From the edge of the Rift Valley in East Africa comes an amazing experiment. The One Laptop Per Child Organization simply dropped off boxes of tablet computers at a couple of remote villages and observed what happened. The villages were illiterate and were not (according to the article) exposed to the printed word.
Without instruction the children of the villages customized their tablets and filled them with applications. In a few months they had even hacked their way through the operating system and enabled the disabled camera.
The next step is to do the experiment again in a more “scientific” way to prove that the experience these youngsters had, and some had even begun to read, is valid objectively.
Human potential is an incredible thing. A tablet in the hands of a child unhampered by creative restrictions imposed from the outside must be an amazing thing to see.
Early observations are encouraging, said Nicholas Negroponte, OLPC’s founder, at MIT Technology Review’s EmTech conference last week.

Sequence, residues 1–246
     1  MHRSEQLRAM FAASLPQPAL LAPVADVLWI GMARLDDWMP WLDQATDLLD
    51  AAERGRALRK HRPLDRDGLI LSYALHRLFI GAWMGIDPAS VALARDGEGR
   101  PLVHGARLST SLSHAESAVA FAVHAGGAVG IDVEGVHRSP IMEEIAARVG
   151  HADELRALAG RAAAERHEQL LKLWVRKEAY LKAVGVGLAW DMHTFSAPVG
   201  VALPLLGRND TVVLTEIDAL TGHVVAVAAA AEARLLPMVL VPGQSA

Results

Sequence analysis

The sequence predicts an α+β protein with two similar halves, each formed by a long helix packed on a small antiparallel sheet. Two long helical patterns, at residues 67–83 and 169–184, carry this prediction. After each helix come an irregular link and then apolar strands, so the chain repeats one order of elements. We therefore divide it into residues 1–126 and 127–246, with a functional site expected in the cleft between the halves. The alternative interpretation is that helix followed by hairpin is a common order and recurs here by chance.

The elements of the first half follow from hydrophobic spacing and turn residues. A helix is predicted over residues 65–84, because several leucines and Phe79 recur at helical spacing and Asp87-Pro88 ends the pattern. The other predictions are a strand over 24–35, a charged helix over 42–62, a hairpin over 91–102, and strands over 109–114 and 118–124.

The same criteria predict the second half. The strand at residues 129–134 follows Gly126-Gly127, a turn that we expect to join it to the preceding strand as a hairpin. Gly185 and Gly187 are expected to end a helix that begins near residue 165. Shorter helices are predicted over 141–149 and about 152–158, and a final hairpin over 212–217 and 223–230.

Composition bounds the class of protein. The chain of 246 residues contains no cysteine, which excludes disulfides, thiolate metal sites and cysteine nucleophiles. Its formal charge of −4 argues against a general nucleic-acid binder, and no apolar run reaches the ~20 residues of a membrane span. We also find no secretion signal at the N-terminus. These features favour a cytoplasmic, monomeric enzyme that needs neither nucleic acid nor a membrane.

The devices involved are Motorola Xoom tablets—used together with a solar charging system, which OLPC workers had taught adults in the village to use. Once a week, an OLPC worker visits the villages and swaps out memory cards so that researchers can study how the machines were actually used.
After several months, the kids in both villages were still heavily engaged in using and recharging the machines, and had been observed reciting the “alphabet song,” and even spelling words. One boy, exposed to literacy games with animal pictures, opened up a paint program and wrote the word “Lion.”
I was on social media from the first drops of rain on. Of course I tend to spend a fair amount of time in various social media anyway. But as of last night it seemed as if everyone in the universe was on Facebook and Twitter- which apparently they were according to the attached article.
I did notice a common phenomenon last night. It usually started with a post that read something like “Winds getting strong.” Followed by “Lights are flickering.” And then that person vanished. That’s what happened to me last night.